Study of Psychology

Scientific Study of Psychology
The term behavior refer both to overt, observable action & to covert, not able to be observed ( internal ) mental processes & states such as perception, thought, reasoning, problem solving, emotions, and feelings.

Psychology is the scientific study of the behavior of human & other animal.
Systematic, objective observations of overt behavior, including verbal behavior, are the sources of psychologists inferences about these mental processes and states. The chief goals of psychology are the accurate and feelings and the investigation of the many variables biological, personal, and social, that interact in determining behavior and mental processes.

The field of psychology is therefore intimately connected with physiology and with other behavioral sciences such as anthropology and sociology.
Given the broad terrain encompassed in this definition of psychology, together with the fact that the field is continually growing in size and complexity, no single psychologist could possibly cover all aspects of the field. Contemporary psychologist tend to be specialists in one major area or sub-field, and the most adequate and comprehensive definition of psychology can be derived from descriptions of what specialists in each area actually do as scientists and practitioners. A definition derived in this way, however, changes as the field expands and becomes enriched.

The sub-fields or specialties of psychology may be grouped into two major categories, " basic and applied ". The basic areas are those concerned with research and the discovery of fundamental facts and principles. The applied areas of psychology are those in which the facts and principles discovered in basic research are used to accomplish pragmatic, socially useful goals. These goals include treating emotionally disturbed people, reducing inter group tensions, improving educational procedures, and helping to design equipment that can be used safely and effectively. The distinction between basic and applied areas is not fixed or clear cut. Basic research contributes to applied work may advance basic psychology. For example, a developmental psychologist, interested primarily in basic research, may evaluate preschool programs to determine how specific early training procedures affect cognitive development. A clinical psychologist, interested primarily in treatment, may analyze the case histories of his patients to test hypotheses about factors underlying psychological maladjustment.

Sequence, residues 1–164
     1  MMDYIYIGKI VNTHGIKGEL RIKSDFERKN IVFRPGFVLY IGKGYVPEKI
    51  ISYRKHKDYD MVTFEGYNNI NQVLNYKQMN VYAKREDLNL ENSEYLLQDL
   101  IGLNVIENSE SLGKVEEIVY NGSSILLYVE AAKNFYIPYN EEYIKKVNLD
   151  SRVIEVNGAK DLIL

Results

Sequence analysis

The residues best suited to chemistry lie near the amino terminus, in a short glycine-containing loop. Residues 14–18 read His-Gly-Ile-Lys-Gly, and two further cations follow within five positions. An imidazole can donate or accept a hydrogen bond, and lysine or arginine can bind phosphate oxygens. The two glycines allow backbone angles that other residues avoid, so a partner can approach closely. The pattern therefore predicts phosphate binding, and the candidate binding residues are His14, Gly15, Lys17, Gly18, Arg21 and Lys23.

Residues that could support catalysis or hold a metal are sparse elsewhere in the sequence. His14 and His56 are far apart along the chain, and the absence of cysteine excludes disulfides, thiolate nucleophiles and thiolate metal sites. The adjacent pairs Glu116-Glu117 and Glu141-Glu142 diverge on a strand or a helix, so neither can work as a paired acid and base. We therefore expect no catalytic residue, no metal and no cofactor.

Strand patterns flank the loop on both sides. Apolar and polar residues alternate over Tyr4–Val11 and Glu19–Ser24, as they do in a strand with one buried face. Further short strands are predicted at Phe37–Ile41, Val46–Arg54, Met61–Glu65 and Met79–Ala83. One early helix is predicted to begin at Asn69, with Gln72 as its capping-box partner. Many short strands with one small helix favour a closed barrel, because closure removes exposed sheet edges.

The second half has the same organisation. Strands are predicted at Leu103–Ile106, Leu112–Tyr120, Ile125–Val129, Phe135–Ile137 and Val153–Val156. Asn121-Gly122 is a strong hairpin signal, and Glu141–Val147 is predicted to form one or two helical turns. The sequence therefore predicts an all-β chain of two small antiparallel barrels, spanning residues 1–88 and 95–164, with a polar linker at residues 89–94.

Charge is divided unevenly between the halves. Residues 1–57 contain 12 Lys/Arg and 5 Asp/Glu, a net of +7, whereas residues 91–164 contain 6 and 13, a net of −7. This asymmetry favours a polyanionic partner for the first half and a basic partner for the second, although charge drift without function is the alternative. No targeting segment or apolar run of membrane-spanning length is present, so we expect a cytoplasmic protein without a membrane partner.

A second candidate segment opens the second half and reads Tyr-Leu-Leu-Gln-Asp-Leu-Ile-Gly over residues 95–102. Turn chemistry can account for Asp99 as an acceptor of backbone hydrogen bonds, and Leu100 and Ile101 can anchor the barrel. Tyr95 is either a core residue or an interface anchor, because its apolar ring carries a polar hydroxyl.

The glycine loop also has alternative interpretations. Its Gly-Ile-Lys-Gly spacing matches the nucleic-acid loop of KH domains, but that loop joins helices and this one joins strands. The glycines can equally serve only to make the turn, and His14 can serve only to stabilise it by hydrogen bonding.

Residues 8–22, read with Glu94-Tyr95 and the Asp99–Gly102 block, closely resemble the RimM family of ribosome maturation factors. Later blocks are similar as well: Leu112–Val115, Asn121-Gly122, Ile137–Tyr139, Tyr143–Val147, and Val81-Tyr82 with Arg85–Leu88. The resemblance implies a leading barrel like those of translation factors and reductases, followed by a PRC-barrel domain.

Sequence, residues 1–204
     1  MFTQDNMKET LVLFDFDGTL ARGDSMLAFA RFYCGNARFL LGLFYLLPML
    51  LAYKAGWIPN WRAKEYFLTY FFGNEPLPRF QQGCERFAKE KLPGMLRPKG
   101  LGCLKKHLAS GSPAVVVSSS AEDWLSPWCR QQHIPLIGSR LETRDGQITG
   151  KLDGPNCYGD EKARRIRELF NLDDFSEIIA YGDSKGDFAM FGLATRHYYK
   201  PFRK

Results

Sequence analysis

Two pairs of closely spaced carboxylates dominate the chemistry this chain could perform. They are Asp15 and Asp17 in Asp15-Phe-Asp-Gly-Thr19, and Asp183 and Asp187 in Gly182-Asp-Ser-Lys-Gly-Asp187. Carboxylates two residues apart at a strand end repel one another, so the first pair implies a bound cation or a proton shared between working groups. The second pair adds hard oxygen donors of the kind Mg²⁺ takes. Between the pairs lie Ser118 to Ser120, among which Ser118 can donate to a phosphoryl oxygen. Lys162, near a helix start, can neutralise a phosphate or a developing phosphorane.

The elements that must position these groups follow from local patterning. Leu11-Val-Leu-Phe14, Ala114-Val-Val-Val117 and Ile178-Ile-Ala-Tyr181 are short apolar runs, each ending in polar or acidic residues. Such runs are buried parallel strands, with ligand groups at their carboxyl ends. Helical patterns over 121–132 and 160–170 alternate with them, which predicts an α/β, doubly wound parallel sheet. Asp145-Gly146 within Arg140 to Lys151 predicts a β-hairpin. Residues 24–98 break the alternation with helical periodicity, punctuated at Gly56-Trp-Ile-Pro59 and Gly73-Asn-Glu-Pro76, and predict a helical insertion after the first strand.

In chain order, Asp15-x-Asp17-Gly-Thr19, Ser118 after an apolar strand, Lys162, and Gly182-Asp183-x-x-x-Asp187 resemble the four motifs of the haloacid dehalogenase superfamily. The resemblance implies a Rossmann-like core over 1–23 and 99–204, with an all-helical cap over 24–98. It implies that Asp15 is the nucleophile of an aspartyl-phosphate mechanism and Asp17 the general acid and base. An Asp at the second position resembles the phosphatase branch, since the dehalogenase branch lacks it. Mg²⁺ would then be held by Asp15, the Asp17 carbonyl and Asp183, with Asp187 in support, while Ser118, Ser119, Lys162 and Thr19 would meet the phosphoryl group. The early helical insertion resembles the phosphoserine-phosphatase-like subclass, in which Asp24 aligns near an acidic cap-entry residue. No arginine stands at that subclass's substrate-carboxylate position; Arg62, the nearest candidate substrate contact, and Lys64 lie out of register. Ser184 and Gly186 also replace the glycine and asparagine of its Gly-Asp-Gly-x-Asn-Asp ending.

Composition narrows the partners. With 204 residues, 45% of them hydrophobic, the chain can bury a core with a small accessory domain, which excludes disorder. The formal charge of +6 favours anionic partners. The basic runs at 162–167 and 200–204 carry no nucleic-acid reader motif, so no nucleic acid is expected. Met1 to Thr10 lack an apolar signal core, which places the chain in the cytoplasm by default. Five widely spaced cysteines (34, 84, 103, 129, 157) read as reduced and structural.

Psychiatry, a medical field, is clearly differentiated from psychology. Psychiatrists diagnose and treat emotional disturbances and mental illness through the use of various therapy techniques such as drugs, shock, or surgery in addition to psychotherapy. A clinical psychologist, who generally holds a PH. D. Degree in psychology rather than a medical degree, also diagnoses and treats emotionally disturbed patients, but the clinical psychologist uses only psycho therapeutic methods.

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